IndyCar Gateway practice
John Cote/IndyCar

Pato O’Ward tops IndyCar practice at Gateway; Will Power second fastest

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Pato O’Ward turned a 181.532 mph lap Friday to lead the lone practice session of the weekend for the NTT IndyCar Series at World Wide Technology Raceway at Gateway.

The Arrow McLaren SP No. 5 Dallara-Chevrolet driver, who was named the 104th Indy 500’s rookie of the year after finishing sixth this past Sunday at Indianapolis Motor Speedway, topped the speed chart for the 90-minute session ahead of Will Power (180.961), points leader Scott Dixon (180.822), Conor Daly (180.581) and Takuma Sato (180.434).

PRACTICE SPEEDS: Who was fast Friday at Gateway

WEEKEND SCHEDULE: When IndyCar is on track at Gateway

“We put a lot of very valuable work into that session,” O’Ward said in a team relesae. “We did everything we wanted to do to prepare for tomorrow’s qualifying and race. There’s so many little things that go into it that make a perfect race, so we want to make the best out of it.

“This Arrow McLaren SP crew gave us some really strong cars to roll out with and I think it was just fine tuning from there. I ended the day really happy, and I think we will be ready for qualifying tomorrow.”

There were no incidents in the practice

After winning the Indianapolis 500 for the second time, Sato enters the Saturday-Sunday doubleheader weekend at Gateway as the defending winner of last year’s race.

ENTRY LISTS: Who is racing Saturday and Sunday at Gateway

Next up is qualifying at noon ET Saturday (available on NBC Sports Gold), which will set the field for both races. The first lap determines the starting order for Saturday and the second lap sets Sunday’s lineup.

Race coverage will begin Saturday and Sunday at 3 p.m. ET on NBCSN (here are the streaming links for Saturday’s race and Sunday’s race).

The rest of the top 10 in practice: Jack Harvey, Alex Palou, Marcus Ericsson, Rinus VeeKay and Colton Herta.

Click here for the full practice report from Friday at Gateway.

 

Toyota No. 8 car wins the 24 Hours of Le Mans for third consecutive year

24 Hours of Le Mans
JEAN-FRANCOIS MONIER/AFP via Getty Images
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LE MANS, France — Toyota Gazoo’s No. 8 car comfortably won the 24 Hours of Le Mans by five laps Sunday to secure a third straight victory in the prestigious endurance race.

It was also a third consecutive win for Swiss driver Sebastien Buemi and Japan’s Kazuki Nakajima driving. Brendon Hartley was the other driver, having replaced two-time Formula One champion Fernando Alonso.

Buemi and Hartley sat on the side of the car as Nakajima drove toward the podium. Hartley won for a second time after tasting success with the Porsche LMP Team in 2017 before an unhappy season in Formula One.

The Swiss team’s Rebellion No. 1 featured American driver Gustavo Menezes and Brazilian Bruno Senna – the nephew of late F1 great Ayrton Senna.

It finished one lap ahead of Toyota Gazoo’s No. 7, with Rebellion’s No. 3 finishing in fourth place.

For much of the race it looked like Toyota’s No. 7 would win after leading comfortably from pole position. But late into the night the car encountered an engine problem and the 30-minute stop in the stands proved costly.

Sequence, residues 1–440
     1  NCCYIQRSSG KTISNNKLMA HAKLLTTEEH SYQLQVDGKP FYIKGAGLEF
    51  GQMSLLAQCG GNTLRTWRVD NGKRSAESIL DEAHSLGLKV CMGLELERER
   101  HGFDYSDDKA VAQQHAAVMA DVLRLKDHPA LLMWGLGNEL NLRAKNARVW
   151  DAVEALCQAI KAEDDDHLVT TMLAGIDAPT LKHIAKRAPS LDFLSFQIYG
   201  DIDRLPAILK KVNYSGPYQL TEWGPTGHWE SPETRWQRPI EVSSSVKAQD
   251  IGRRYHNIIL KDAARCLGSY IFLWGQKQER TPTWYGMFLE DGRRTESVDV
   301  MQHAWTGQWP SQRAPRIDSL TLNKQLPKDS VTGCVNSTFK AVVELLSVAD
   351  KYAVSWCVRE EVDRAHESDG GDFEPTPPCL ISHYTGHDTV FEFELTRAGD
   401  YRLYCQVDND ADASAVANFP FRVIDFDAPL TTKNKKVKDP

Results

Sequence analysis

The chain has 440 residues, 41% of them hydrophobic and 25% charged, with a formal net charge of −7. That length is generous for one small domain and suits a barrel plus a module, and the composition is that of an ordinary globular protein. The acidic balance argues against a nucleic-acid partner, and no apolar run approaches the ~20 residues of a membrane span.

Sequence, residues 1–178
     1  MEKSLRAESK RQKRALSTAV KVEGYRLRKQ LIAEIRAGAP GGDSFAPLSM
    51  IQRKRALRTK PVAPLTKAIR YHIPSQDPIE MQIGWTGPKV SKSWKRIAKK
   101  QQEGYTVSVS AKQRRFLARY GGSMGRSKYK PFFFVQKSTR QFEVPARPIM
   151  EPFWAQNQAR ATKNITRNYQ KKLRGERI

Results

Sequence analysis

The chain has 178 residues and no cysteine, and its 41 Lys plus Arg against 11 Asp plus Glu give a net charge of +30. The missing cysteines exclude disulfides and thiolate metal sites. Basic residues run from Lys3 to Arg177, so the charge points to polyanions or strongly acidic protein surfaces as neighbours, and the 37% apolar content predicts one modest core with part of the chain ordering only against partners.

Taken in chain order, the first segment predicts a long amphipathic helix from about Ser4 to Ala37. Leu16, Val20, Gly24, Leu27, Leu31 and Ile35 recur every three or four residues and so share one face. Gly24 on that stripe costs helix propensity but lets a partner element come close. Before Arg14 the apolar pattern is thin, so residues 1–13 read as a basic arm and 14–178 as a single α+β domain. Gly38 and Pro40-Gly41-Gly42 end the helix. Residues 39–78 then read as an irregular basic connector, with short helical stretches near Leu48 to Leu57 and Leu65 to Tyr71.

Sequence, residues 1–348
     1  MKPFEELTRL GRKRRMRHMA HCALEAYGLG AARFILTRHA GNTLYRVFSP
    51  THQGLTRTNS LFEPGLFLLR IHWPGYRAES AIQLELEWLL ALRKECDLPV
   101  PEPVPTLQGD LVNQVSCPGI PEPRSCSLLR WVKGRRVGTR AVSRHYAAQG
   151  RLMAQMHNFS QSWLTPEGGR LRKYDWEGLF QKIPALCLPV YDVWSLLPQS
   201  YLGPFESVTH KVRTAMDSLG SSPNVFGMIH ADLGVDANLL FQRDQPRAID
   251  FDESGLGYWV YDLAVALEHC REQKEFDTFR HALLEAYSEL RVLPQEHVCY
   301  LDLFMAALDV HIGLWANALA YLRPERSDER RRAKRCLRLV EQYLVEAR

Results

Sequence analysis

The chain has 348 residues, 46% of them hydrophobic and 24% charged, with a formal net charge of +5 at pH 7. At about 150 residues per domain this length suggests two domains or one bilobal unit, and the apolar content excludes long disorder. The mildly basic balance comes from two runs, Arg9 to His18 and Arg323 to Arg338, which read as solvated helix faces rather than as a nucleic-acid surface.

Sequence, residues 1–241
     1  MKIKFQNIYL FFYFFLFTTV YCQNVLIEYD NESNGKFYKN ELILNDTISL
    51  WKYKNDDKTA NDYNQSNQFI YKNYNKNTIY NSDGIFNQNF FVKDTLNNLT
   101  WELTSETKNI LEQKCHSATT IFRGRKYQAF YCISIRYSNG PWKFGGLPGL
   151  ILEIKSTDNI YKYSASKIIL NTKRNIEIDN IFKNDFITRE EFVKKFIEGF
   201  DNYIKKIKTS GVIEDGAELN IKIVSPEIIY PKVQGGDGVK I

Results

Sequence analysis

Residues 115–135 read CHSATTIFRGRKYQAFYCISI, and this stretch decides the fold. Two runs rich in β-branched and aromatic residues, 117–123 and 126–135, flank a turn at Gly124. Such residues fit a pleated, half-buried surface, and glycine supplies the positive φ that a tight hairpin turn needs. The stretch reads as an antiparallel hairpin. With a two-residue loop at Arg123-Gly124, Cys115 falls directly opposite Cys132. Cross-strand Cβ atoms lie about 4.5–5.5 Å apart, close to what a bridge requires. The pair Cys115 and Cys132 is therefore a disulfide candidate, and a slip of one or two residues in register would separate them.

The race was first held in 1923. A total of 252,500 spectators attended in 2019, but there were none this year when the race started three months late because of the novel coronavirus (COVID-19) pandemic.

“We miss the fans,” New Zealander Hartley said. “I look forward to seeing all the fans again.”

In other divisions:

United Autosports won the LMP2 division with the entry of Filipe Albuquerque, Paul Di Resta and Phil Hanson.

–In LMGTE Pro, the victory was claimed by Aston Martin Vantage AMR of Maxime Martin, Alex Lynn and Harry Tincknell (who drives for Mazda in the DPi division of IMSA).

–TF Sport won the LMGTE Am class.

The Toyota No. 7 took pole after former F1 driver Kamui Kobayashi narrowly edged out the Rebellion No. 1 team in qualifying.

In damp and humid conditions Mike Conway got away cleanly from the start, while Senna held off Buemi.

After nearly seven hours, Toyota’s No. 8 fell back after a 10-minute stop in the stands to fix a brake-cooling problem on Kazuki Nakajima’s car. Rebellion’s No. 1, driven by Frenchman Norman Nato, took advantage to move into second place behind Toyota’s No. 7.

Then came the decisive moment at 2:40 a.m. as the No. 7 – also featuring Argentine Jose Maria Lopez – encountered a turbo problem. When the car came back out it was back in fourth.

“We had a few problems early in the race,” Nakajima said. “Later they had a bigger issue than us.”

Rebellion’s No. 1 encountered a problem on the hood at around 9 a.m. and the change took six minutes, allowing the Rebellion No. 3 (Nathanael Berthon-Louis Deletraz-Romain Dumas) to close the gap.

It was becoming a tight battle between the two Rebellion cars behind Toyota’s No. 8.

At 12 p.m. Rebellion No. 3 with Dumas behind the wheel was only one second ahead of No. 1 driven by Menezes. Then both cars came in for a driver change with Deletraz swapping for Dumas on a lengthy stop, and Nato for Menezes as Rebellion No. 1 suddenly moved ahead of its team rival.

Dumas, a winner in 2016 with Porsche, appeared unhappy at the strategy decision to bring his car in first and the length of the stop. There were tense explanations in the team garage.

Colombian Tatiana Calderon, an F1 test driver with Alfa Romeo, was in the Richard Mille Racing Team in the LMP2 category. She was joined by German Sophia Florsch – an F3 driver – and Dutchwoman Beitske Visser. They placed ninth out of 24 in their category.